9. When at Reseda Boulevard, go to Paladino's.
Paladino's is a Valley staple. While its calendar boasts everything from karaoke to Latin music nights, I always associate the place with tribute bands. For years, this has been a destination to check out hard-rockin' tributes like The Iron Maidens. While the love for metal is strong, you can catch homages to other genres here, too, like Musehead, a salute to both Muse and Radiohead.
As with all late-night spots, remember to keep track of time when you come here by Metro. The Orange Line does not run 24 hours. Prepare to find another way to get home if you miss the last departure. Paladino's 6101 Reseda Blvd., Tarzana. (818) 342-1563, paladinosclub.com.
10. When at Tampa, shop for a ukulele.
At first glance, it seems like there's nothing to see near the Tampa station. You will exit on a main street that is quite residential, filled with small houses painted shades of blue, white or brown with rose gardens pushing through fences to hang over the sidewalk. Keep walking north. Eventually, you'll hit the Tampa Victory Shopping Center and still think that there's nothing to do here, save for grocery shopping or hitting up the local Ross.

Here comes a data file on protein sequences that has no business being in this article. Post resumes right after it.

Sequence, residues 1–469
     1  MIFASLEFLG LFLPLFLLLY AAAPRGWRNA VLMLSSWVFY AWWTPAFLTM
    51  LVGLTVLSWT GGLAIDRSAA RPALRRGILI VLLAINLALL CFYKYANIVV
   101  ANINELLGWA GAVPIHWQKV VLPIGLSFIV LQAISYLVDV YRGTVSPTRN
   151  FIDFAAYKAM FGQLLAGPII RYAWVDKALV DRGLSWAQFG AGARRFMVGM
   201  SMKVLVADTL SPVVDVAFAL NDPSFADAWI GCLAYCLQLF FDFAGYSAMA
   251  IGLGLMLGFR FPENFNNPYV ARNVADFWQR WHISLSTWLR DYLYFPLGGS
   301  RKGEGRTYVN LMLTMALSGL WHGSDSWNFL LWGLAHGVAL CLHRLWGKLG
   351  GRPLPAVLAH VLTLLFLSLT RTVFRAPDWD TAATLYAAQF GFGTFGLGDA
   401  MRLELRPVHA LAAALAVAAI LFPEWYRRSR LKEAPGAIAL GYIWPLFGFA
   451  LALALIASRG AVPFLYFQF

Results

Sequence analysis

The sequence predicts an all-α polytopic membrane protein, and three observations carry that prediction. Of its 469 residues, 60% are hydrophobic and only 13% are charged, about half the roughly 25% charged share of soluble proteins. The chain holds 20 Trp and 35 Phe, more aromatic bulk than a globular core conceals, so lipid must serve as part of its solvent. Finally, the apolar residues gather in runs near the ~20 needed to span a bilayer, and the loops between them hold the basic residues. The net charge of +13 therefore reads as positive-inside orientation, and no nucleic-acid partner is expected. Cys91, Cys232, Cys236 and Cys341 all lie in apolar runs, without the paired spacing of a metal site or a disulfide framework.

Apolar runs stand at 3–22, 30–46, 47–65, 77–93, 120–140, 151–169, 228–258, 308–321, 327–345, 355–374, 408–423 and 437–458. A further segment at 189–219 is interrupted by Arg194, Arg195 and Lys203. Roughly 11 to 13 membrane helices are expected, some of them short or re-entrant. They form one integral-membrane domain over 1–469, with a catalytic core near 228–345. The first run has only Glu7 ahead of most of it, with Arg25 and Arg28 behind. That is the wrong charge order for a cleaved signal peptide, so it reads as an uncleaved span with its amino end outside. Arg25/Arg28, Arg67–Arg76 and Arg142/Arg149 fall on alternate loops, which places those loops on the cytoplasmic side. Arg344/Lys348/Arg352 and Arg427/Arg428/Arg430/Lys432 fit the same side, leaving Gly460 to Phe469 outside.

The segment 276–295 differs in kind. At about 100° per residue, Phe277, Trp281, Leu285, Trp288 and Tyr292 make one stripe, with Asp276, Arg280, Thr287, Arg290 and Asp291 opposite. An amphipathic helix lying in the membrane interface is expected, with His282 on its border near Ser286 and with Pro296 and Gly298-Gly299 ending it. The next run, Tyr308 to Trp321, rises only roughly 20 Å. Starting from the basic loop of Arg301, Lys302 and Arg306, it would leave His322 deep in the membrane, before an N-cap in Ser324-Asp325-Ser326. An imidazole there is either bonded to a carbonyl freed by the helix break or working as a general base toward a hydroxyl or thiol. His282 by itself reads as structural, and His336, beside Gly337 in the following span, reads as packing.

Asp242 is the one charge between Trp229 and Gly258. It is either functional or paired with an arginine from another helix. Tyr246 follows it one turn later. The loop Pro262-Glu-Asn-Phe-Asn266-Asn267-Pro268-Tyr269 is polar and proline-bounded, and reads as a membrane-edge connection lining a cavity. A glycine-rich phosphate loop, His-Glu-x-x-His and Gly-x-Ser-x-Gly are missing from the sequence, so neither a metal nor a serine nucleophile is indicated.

Once you start exploring, though, you'll find Kaye's Music Scene tucked into a corner of the shopping center, next to a bakery. This 47-year-old store sells everything from keyboards to guitars, but its specialty is ukuleles. The small instrument appears here in many different forms and at various price points. Kaye's Music Scene, 19369 Victory Blvd., Tarzana. (818) 881-5566, kaysmusicscene.com.
11. When at Winnetka, visit Pierce College.
The second of two community college–centric stops on the Orange Line route, Winnetka is your designated Pierce College exit. Pierce is home to the monthly Topanga Vintage Market, where vendors bring in everything from aging magazines to antique furniture. You might want to take the Metro here if you are certain that you will only be shopping for a few small items. Beyond that, the school's aquatic center is open for lap swimming during certain weekday hours, and swimming lessons are available. The Equine Center here hosts a variety of public events, such as a Carriage Driving show coming up on April 16 and 17. If you want to learn how to ride a horse, you can sign up for lessons through the school's extension program. Pierce College, 6201 Winnetka Ave., Woodland Hills. (818) 719-6404, piercecollege.edu.